Canadian Security Magazine

Safety minister stresses need to balance transparency, security on foreign meddling

The Canadian Press   


By Jim Bronskill in Ottawa

A federal inquiry into foreign interference will have full access to secret documents, even if some of that sensitive information can’t be made public, says Public Safety Minister Dominic LeBlanc.

LeBlanc told the commission of inquiry Friday there are obligations under the law to shield certain information from disclosure.

A balance must be struck between being transparent about foreign meddling and protecting classified material, said LeBlanc, who is also democratic institutions minister.


“I wouldn’t describe it as a tension — it’s a balance,” he said. “And it’s not a binary choice. I think the government has to do both.”

The hearings that took place this week on national security and the confidentiality of information were intended to help pave the way for the commission’s next public sessions, likely to take place at the end of March.

The March hearings will focus on the substance of allegations of foreign interference by China, India, Russia and others in the 2019 and 2021 federal elections. An initial report of findings from the commission is due May 3.

The inquiry will then shift to broader policy issues, looking at the ability of the government to detect, deter and counter foreign interference targeting Canada’s democratic processes. A final report is expected by the end of the year.

Allegations of Chinese interference in recent elections — suggestions fuelled by anonymous leaks to the media — led to a chorus of calls to hold the public inquiry.

A Canadian Security Intelligence Service probe of the leaks, launched last year, continues in parallel and in co-ordination with an RCMP criminal investigation, CSIS spokesperson Lindsay Sloane said this week.

“As the investigation is ongoing, I am unable to speak to specifics or provide an update at this time. What I can tell you is that CSIS takes any allegations of security breaches, including the unauthorized disclosure of classified information, very seriously.”

Federal lawyers have advised the inquiry that the public release — through the ongoing commission process — of detailed intelligence about interference threats from China and others would risk exposing vital secrets.

That risk, they say, is compounded by the “mosaic effect” — where adversaries track and piece together small pieces of intelligence over a long period to reveal a clearer picture.

It could jeopardize security around intelligence gaps, methods of operation, foreign partnerships and identities of CSIS contacts and human sources, the lawyers said in correspondence with the commission that was tabled this week at the inquiry.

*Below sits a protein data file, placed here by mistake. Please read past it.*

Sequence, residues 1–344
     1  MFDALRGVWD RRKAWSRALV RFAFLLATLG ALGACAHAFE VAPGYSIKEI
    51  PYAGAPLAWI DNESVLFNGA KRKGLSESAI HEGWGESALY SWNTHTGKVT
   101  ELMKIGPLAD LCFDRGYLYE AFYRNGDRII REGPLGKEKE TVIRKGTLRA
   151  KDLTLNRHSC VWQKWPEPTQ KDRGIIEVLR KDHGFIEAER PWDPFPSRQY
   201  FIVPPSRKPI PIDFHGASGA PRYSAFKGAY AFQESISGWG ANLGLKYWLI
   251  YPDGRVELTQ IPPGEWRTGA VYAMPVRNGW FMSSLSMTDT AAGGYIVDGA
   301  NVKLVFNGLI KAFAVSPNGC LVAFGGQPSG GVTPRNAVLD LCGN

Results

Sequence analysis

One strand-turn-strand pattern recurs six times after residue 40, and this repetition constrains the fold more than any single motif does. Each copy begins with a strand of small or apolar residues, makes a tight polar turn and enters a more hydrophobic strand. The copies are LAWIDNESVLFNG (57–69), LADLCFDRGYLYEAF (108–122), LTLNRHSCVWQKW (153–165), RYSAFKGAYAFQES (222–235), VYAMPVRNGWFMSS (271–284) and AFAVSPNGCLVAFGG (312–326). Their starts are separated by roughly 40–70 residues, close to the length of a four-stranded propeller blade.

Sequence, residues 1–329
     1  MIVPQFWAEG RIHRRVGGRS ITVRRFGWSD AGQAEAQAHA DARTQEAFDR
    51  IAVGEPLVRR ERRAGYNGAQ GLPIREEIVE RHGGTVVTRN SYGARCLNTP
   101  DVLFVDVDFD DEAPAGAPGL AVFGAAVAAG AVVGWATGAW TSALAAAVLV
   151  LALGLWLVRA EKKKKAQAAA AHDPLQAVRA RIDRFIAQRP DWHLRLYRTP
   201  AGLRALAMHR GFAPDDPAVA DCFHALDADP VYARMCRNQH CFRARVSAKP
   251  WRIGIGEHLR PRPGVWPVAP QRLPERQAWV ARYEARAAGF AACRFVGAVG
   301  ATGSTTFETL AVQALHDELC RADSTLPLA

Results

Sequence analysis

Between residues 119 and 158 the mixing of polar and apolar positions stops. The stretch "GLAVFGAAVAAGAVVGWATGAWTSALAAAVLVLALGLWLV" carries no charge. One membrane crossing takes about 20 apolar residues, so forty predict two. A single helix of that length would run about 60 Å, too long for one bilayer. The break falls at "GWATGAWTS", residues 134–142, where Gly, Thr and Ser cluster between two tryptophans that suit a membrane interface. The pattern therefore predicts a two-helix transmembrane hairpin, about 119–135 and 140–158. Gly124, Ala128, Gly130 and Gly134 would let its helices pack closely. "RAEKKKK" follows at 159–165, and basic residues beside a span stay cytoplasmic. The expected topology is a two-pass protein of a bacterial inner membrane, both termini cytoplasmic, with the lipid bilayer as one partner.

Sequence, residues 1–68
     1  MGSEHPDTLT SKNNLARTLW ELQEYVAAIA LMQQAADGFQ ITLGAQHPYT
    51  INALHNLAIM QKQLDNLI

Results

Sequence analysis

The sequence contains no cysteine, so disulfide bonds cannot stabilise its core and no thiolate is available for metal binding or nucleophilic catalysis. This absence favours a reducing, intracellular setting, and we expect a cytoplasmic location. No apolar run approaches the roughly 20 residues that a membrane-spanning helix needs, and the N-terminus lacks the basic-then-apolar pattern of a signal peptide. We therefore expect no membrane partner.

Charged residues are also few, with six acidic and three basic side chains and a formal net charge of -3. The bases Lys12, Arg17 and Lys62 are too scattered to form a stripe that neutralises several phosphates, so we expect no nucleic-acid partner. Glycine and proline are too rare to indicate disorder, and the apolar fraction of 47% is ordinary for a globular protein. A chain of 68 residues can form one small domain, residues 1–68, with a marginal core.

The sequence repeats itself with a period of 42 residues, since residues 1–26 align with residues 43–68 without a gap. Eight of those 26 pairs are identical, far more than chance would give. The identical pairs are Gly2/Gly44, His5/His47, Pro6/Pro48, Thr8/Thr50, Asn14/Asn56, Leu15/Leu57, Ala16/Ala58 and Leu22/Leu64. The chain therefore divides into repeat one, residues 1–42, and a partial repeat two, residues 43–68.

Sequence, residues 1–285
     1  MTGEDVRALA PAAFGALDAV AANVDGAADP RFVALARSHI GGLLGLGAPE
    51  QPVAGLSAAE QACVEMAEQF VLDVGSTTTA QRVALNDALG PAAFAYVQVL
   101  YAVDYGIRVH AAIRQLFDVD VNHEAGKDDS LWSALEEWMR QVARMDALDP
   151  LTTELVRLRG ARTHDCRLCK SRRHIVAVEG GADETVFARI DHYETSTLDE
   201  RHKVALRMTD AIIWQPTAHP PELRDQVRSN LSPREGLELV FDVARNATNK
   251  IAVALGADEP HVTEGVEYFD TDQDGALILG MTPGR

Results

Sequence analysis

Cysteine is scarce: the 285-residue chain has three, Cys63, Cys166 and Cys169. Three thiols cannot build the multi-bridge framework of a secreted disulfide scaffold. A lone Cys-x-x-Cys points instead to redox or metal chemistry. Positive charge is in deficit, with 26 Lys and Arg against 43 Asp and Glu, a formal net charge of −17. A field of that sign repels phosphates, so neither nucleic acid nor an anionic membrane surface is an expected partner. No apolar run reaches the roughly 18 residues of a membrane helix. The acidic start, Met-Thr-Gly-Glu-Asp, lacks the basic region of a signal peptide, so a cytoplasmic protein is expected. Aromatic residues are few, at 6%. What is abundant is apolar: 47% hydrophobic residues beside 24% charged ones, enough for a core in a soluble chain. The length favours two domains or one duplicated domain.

The inquiry has already had a chance to see several classified documents concerning foreign interference. In a preliminary exercise, the inquiry asked the government to review 13 of the records with an eye to preparing them for public release.

The review took place on an expedited basis, but still required more than 200 person-hours to complete — a level of effort that is not sustainable over the longer term, the federal lawyers said in their report to the commission. “It is clear that redactions of documents on a large scale will not be a productive way forward in the time frame allotted.”

The lawyers suggested options including the release of some material with redactions, publication of summaries of “a limited number of documents or topics” and closed-door hearings that would be followed by release of a public summary.

LeBlanc said Friday he has confidence in the federal officials who have been instructed to co-operate with the commission over the next several months.

“The government will obviously do everything that we need to be a responsible and efficient partner in the work that the government’s asked you to do.”

There’s a big difference between the commission having access to information about foreign interference and the public having access, said Jon Doody, a lawyer for the Ukrainian Canadian Congress, one of the hearing participants.

“The public nature of this inquiry must exist in more than just name. The public must be provided with as much information as possible,” he said during a round of closing comments Friday.

“The best defence against foreign interference is an educated and informed public.”

In May of last year, the federal government confirmed a media report that CSIS had information in 2021 that the Chinese government was looking at ways to intimidate Conservative MP Michael Chong and his relatives in Hong Kong.

More recently, Global Affairs Canada said it believes Chong was the victim of an online smear campaign, which the department suspects was carried out by Beijing.

China maintains that it never interferes in Canada’s internal affairs.

Chong has been granted standing at the inquiry, and his lawyer, Gib van Ert, said Friday the commission’s proceedings are an opportunity for the Canadian public to understand the true extent of foreign interference.

“It won’t be enough, commissioner, for you and your counsel to learn what has gone wrong, and to write it up in some confidential annex that most people will never see. Because it is for the public.”

This report by The Canadian Press was first published Feb. 2, 2024.

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